O’Halleran Introduces Bill to Extend Deadline for Tribes to Spend CARES Act Funding
WASHINGTON—Today, Congressman Tom O’Halleran (AZ-01) introduced bipartisan legislation that would extend the coverage of Coronavirus Relief Fund payments allocated under the Coronavirus Aid, Relief, and Economic Security (CARES) Act to tribal governments from December 30, 2020 to December 30, 2022. The bill is cosponsored by Congressman Paul Cook (R-CA-08).
The CARES Act was signed into law on March 27, 2020, allocating $8 billion for tribal governments under the Coronavirus Relief Fund. Tribes across America did not receive any funds until May 5, 2020, well after the bill’s statutory deadline. During this time, the Navajo Nation in Arizona’s First Congressional District became the most concentrated COVID-19 hotspot in the nation.
“Bureaucratic red tape and lack of critical attention to the matter at federal agencies forced sovereign tribal nations across Arizona’s First Congressional District to wait over a month for the first tranche of CARES Act funding to arrive, and tribes still face significant hurdles to spending and distributing the funding they were promised, ” said O’Halleran.“We need to extend the deadline by which tribal governments must spend Coronavirus Relief Fund payments so that each nation has adequate time to debate and discuss within their governing bodies, just as we did, and allocate the monies they are owed to most effectively address this pandemic head-on.”
“As the ranking member on the Indigenous Peoples of the United States Subcommittee, I’m particularly sensitive to the struggles that tribes are facing during this unprecedented public health crisis,” said Cook. “This legislation will provide a much-needed extension to Indian Country so that tribal governments can determine how to best use these vital resources to respond to the pandemic.”
“We extend our appreciation and gratitude to Congressman O’Halleran for his leadership for introducing this important measure that would extend the Coronavirus Relief Fund Deadline by two years or until 2022,” said Navajo Nation President Jonathan Nez. “The U.S. Department of Treasury failed Indian Country by delaying the disbursement of funds by over three months. Now, we are working around the clock to expedite the use of the CARES Act funds to address immediate needs and for the long-term benefit of our Navajo people. We respectfully request Congress to pass this measure to provide Tribal nations more time for the proper expenditure of these funds. Indian Country is devastated by COVID-19 and due to the long years of neglect of infrastructure it will take much longer to get to a level of providing sufficient care.”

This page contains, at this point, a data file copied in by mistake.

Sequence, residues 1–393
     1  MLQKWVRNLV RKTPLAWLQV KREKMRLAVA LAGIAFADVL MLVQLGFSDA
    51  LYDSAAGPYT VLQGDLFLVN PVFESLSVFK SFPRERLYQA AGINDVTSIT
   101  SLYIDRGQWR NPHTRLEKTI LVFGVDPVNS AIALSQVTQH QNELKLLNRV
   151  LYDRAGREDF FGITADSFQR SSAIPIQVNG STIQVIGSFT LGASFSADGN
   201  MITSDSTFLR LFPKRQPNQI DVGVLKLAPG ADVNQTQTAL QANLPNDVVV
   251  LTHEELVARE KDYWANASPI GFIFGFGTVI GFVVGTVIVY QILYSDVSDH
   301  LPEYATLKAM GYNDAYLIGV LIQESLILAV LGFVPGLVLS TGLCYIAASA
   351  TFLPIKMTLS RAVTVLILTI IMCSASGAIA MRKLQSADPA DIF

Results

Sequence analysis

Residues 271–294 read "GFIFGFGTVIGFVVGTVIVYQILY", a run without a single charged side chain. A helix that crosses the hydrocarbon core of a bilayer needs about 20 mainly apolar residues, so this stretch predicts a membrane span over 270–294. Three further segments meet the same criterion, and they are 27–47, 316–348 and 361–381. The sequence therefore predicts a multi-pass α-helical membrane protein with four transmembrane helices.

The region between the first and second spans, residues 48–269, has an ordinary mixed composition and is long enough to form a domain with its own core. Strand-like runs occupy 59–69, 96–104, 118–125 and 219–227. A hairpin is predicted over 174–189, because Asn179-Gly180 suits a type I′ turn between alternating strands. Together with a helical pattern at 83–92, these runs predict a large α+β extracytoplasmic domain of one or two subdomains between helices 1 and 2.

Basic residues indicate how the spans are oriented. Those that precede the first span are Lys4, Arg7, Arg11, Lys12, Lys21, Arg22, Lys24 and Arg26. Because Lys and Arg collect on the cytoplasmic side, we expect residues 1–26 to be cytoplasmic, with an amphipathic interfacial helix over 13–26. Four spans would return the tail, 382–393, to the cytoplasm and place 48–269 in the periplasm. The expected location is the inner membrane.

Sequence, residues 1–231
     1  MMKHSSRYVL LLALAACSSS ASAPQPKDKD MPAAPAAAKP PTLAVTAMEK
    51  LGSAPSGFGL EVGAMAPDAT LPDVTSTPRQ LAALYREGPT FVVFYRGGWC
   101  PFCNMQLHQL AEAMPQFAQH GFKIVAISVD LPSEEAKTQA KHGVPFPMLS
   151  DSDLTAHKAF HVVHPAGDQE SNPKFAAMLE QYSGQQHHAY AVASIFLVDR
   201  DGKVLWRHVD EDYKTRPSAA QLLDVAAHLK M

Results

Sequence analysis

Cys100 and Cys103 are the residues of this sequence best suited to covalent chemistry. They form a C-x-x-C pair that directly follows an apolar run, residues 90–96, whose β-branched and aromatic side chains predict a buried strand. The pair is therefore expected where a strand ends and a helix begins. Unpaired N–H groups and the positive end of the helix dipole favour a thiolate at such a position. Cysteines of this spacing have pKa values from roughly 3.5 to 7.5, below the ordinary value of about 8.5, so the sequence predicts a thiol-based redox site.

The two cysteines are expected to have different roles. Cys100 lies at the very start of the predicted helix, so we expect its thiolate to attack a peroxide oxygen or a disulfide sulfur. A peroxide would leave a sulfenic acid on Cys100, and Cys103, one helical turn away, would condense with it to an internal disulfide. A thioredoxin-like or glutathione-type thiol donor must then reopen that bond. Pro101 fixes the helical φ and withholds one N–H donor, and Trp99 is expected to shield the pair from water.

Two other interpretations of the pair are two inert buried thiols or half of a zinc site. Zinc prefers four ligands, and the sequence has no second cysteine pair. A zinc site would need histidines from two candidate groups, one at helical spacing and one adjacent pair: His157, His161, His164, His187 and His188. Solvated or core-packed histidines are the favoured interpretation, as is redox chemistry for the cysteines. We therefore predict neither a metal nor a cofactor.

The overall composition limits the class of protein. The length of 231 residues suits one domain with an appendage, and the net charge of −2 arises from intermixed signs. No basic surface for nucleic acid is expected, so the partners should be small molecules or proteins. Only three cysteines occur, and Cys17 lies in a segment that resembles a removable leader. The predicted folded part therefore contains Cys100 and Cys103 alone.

“I want to thank Congressman O'Halleran and Congressman Cook for championing this important piece of legislation,” said Chairman Nuvangyaoma of the Hopi Tribe. “Indian Country did not receive its Coronavirus Relief Fund distributions until well after the statutory deadline and months after the states received their distributions. It is only fair that Indian Country should be allocated additional time. The Coronavirus Relief Fund will allow my Tribe to finally address the water, health, and broadband infrastructure needs that have plagued us for years and that have only been magnified as we confront COVID-19. Congress should empower Indian Country with more time so that we are able to deploy these resources in a responsible manner to confront the many infrastructure challenges that we face and that have hindered our abilities to respond to the pandemic.”
View the bill text, HERE.
As early as March 20, O’Halleran warned Governor Doug Ducey and Vice President Pence, head of the White House Coronavirus Task Force, that tribal communities were being overlooked in our national COVID-19 response. He wrote to the Task Force again nine days later when no action was taken.
After the CARES Act passed, O’Halleran again and again called on the federal agencies responsible to act swiftly in their distribution of funding and drew national attention to the dire situation on the Navajo Nation. O’Halleran’s calls were soon echoed by members throughout Congress.
Yesterday, O'Halleran spoke in a House Energy and Commerce Full Committee hearing on on the needs of tribal communities during COVID-19 and beyond. View his remarks HERE.
For a full list of actions O’Halleran has taken for tribes during COVID-19, CLICK HERE.